Theresa May has issued a warning to her Cabinet ministers that none of them is “un-sackable”. The Prime Minister’s comment comes after she was forced to upbraid senior colleagues after an outbreak of vicious briefing against Chancellor Philip Hammond.
Mrs. May received the backing of senior backbenchers to remove any ministers who were found to be plotting against her. And an unnamed minister was quoted by The Times as saying she should sack testosterone-fuelled “donkeys” behind a series of hostile leaks against the Chancellor.
Speaking to LBC Radio in 10 Downing Street, the Prime Minister said: “There is no such thing as an unsackable minister, but at the moment the team is together and we are getting on with the job of delivering what we need to do.”
Pressed by presenter Iain Dale over whether any minister was unsackable, she replied: “No.”
Mrs. May was forced to tell senior ministers on Tuesday to show “unity” as she urged them to keep details of their discussions around the Cabinet table private. She warned that infighting could result in Labour and Jeremy Corbyn winning power.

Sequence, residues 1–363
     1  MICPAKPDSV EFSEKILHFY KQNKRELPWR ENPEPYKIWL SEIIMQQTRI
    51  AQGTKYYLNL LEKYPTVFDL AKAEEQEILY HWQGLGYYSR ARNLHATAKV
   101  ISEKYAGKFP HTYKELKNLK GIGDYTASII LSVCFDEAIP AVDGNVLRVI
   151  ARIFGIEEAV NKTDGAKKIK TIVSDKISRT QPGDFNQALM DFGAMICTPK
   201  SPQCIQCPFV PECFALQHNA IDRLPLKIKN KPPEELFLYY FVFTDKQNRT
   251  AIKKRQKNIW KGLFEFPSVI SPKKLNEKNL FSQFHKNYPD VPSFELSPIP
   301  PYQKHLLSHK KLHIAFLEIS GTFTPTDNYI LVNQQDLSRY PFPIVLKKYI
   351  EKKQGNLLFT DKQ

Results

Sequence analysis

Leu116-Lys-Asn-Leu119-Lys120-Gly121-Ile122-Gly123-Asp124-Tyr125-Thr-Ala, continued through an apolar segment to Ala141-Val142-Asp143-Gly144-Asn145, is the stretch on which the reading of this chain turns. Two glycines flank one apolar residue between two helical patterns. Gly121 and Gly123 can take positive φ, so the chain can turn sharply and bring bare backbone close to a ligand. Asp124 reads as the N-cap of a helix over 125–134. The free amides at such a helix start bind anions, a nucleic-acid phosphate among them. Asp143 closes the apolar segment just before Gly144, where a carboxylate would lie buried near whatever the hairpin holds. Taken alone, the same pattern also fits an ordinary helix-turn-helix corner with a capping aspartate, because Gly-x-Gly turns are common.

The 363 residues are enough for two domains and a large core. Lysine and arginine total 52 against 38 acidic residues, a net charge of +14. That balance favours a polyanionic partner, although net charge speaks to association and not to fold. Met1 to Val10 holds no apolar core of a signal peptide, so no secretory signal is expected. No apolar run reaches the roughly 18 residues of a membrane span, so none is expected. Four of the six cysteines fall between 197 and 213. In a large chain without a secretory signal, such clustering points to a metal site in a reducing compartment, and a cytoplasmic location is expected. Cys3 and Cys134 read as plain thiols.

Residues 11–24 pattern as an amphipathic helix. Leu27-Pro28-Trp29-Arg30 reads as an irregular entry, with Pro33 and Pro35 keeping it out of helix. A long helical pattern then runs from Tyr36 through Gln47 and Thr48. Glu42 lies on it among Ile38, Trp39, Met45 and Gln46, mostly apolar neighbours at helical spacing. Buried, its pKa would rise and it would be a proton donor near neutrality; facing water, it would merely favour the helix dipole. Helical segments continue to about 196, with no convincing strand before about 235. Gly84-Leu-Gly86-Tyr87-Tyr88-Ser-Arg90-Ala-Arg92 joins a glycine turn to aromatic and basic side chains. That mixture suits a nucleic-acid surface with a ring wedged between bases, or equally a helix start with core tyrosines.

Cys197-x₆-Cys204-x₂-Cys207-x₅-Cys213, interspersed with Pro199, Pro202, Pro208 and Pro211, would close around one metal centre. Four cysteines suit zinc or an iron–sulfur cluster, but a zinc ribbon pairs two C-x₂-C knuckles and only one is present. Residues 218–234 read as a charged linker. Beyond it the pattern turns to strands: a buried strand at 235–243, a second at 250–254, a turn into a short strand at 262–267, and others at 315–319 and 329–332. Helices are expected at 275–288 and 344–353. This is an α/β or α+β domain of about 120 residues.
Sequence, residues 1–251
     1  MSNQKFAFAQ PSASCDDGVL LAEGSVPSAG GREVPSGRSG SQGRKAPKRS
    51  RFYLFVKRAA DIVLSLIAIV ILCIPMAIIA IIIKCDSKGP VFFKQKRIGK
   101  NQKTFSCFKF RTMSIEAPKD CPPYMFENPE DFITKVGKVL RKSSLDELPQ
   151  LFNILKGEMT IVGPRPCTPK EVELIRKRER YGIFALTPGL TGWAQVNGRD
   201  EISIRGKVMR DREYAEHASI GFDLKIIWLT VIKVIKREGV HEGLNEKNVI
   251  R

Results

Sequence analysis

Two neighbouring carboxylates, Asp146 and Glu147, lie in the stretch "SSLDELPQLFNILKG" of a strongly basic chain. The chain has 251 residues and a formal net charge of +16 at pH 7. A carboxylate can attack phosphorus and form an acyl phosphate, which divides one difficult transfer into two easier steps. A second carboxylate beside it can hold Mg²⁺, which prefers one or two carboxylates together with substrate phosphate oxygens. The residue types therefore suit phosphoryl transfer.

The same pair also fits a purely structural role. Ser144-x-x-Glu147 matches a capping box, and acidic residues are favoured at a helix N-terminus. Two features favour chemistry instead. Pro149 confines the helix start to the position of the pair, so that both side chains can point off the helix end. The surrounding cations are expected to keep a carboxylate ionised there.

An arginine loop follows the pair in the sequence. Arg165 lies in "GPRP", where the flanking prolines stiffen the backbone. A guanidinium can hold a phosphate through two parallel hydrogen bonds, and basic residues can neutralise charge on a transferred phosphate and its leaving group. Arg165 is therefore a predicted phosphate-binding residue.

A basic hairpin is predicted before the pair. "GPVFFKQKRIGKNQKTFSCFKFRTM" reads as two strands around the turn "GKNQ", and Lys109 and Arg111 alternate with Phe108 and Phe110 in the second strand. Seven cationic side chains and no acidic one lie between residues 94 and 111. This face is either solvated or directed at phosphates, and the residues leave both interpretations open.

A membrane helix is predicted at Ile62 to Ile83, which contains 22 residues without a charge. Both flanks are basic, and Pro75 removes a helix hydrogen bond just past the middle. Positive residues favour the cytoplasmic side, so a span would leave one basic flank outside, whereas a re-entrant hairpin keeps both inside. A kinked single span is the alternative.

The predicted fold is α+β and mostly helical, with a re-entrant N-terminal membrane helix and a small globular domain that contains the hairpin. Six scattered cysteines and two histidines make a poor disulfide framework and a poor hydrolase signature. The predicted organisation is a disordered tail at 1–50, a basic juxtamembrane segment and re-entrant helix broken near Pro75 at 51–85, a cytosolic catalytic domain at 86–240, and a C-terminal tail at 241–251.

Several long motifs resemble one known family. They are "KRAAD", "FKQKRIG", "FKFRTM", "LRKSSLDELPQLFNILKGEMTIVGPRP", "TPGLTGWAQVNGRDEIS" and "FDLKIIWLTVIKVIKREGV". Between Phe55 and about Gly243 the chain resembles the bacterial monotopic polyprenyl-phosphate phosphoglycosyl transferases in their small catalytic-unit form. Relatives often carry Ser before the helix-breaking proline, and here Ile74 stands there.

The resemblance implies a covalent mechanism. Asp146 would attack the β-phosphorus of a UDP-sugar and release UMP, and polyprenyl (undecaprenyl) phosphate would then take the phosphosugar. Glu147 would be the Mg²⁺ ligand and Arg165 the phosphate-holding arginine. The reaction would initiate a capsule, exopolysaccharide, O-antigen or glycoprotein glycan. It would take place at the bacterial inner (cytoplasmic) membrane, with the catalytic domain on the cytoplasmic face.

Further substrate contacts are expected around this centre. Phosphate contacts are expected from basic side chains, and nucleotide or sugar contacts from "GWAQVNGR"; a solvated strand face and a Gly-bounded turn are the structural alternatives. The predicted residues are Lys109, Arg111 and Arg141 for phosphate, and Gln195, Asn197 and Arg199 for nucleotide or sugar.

Senior members of the 1922 Committee, which represents Conservative backbenchers, indicated there was no appetite for a leadership election and Mrs. May would have their backing if she sacked plotters.
The committee’s chairman, Graham Brady, told The Guardian the party was “clear that it is supporting Theresa May and there is no intention of holding a leadership election, which would be a huge distraction from the important job of government”.
Nigel Evans, the committee’s secretary, told the paper: “The men in grey suits have gone to Theresa and said ‘you have our support if you find anyone plotting or on maneuvers to get rid of them’.”
Defense Secretary Sir Michael Fallon called for military discipline from ministers to confront the “dangerous enemy” of Mr. Corbyn and defend the Conservative case for sound public finances.
“In this summer of warm prosecco (sparkling wine) I think we in the Cabinet would also do well to reflect on those military virtues: loyalty, discipline, cohesion, that might better enable us first to concentrate our fire on a dangerous enemy in reach of Downing Street – somebody who would lower our defenses, scrap our deterrent, weaken our response to terrorism,” he said at a reception on Tuesday hosted by the Policy Exchange think tank.
Mrs May also acknowledged that Tories had “a job to do” to win over young voters, who were widely credited with boosting Labor’s vote at the June 8 election. “We have a job to do in getting that message across to people,” she said.
“It’s a message about jobs and what we are going to do on housing and reassuring young people and giving them confidence in their futures.
“I think a lot of young people do worry about what is going to happen, particularly on housing and what the jobs of the future are going to be and will they be given the skills to take those jobs up.”